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Nat Commun. 2015 Nov 30;6:10047. doi: 10.1038/ncomms10047.

The epigenomic landscape of African rainforest hunter-gatherers and farmers.

Author information

1
Institut Pasteur, Unit of Human Evolutionary Genetics, Paris 75015, France.
2
Centre National de la Recherche Scientifique, URA3012, Paris 75015, France.
3
Université Pierre et Marie Curie, Cellule Pasteur UPMC, Paris 75015, France.
4
Centre for Molecular Medicine and Therapeutics, Child and Family Research Institute and Department of Medical Genetics, University of British Columbia, Vancouver, Canada BC V5Z 4H4.
5
INRA, UMR AGAP, Montpellier 34060, France.
6
IRD-MNHN, Sorbonne Universités, UMR208, Paris 75005, France.
7
CNRS, MNHN, Université Paris Diderot, Sorbonne Paris Cité, Sorbonne Université, UMR7206, Paris 75005, France.
8
Institut Pasteur, Unité d'Epidémiologie et Physiopathologie des Virus Oncogènes, Paris 75015, France.
9
Faculty of Medicine and Biomedical Sciences, University of Yaoundé I, BP1364 Yaoundé, Cameroon.
10
Laboratoire Langue, Culture et Cognition (LCC), Université Omar Bongo, BP 13131 Libreville, Gabon.
11
CNRS UMR 5596, Université Lumière-Lyon 2, Lyon 69007, France.
12
Departments of Anthropology and Biology, Pennsylvania State University, University Park, Pennsylvania 16802, USA.
13
Université de Montréal, Centre de Recherche CHU Sainte-Justine, Montréal, Canada H3T 1C5.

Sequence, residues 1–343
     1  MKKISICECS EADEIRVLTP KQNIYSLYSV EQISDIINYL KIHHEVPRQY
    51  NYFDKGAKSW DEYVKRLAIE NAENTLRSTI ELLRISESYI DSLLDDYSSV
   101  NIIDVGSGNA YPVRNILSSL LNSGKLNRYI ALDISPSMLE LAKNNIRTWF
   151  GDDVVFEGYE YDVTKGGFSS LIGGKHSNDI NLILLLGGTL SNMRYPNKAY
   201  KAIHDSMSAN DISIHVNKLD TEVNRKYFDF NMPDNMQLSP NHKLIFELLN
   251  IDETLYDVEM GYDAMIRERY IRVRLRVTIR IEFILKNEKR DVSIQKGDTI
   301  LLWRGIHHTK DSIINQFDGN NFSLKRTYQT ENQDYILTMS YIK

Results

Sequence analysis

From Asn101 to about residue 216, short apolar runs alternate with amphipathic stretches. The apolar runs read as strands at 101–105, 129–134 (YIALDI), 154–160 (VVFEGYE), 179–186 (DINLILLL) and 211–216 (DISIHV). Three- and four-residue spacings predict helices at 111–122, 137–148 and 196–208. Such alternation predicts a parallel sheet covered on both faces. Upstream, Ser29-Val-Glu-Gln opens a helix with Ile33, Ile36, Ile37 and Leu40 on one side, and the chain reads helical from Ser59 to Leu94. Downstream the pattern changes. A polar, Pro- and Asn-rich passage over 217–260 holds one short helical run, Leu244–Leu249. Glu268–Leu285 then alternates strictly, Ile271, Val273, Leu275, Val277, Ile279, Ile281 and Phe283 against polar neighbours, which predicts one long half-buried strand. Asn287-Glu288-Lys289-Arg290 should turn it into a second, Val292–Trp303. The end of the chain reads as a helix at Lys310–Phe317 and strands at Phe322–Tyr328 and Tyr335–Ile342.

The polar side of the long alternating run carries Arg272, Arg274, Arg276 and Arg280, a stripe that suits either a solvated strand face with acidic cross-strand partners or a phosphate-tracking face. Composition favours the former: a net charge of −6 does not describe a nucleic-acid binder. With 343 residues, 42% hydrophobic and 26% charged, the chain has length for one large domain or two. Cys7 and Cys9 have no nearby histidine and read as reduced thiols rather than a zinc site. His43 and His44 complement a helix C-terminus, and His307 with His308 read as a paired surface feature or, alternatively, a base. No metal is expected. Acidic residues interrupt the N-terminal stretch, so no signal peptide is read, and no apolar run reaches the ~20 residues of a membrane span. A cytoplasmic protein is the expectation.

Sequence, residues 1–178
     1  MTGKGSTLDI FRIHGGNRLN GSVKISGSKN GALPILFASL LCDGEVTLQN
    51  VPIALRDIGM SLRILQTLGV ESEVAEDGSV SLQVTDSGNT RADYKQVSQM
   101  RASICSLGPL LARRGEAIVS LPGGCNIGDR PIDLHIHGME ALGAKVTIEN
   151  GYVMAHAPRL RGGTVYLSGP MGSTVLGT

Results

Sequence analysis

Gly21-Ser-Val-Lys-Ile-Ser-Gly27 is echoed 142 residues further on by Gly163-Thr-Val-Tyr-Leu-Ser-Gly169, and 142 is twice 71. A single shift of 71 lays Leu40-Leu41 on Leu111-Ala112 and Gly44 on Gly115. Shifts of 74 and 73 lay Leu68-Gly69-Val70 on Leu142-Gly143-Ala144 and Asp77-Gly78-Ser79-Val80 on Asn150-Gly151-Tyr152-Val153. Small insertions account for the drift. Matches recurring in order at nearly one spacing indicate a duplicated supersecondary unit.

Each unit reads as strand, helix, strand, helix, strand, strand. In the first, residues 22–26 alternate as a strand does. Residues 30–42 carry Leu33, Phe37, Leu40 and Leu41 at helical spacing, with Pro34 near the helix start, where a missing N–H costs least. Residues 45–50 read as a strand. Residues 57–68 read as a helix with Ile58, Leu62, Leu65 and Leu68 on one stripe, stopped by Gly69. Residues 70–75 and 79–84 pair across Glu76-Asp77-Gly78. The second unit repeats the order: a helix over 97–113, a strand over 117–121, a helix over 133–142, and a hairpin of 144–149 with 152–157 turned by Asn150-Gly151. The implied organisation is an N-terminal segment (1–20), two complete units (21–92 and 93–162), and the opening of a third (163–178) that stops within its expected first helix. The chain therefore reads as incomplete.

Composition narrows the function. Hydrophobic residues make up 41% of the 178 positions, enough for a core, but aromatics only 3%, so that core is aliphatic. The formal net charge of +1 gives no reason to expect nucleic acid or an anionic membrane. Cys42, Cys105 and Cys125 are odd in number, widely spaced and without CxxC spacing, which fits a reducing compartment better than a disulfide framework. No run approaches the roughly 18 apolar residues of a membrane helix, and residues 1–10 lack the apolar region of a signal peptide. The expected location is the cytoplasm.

Abstract

The genetic history of African populations is increasingly well documented, yet their patterns of epigenomic variation remain uncharacterized. Moreover, the relative impacts of DNA sequence variation and temporal changes in lifestyle and habitat on the human epigenome remain unknown. Here we generate genome-wide genotype and DNA methylation profiles for 362 rainforest hunter-gatherers and sedentary farmers. We find that the current habitat and historical lifestyle of a population have similarly critical impacts on the methylome, but the biological functions affected strongly differ. Specifically, methylation variation associated with recent changes in habitat mostly concerns immune and cellular functions, whereas that associated with historical lifestyle affects developmental processes. Furthermore, methylation variation--particularly that correlated with historical lifestyle--shows strong associations with nearby genetic variants that, moreover, are enriched in signals of natural selection. Our work provides new insight into the genetic and environmental factors affecting the epigenomic landscape of human populations over time.

PMID:
26616214
PMCID:
PMC4674682
DOI:
10.1038/ncomms10047
[Indexed for MEDLINE]
Free PMC Article

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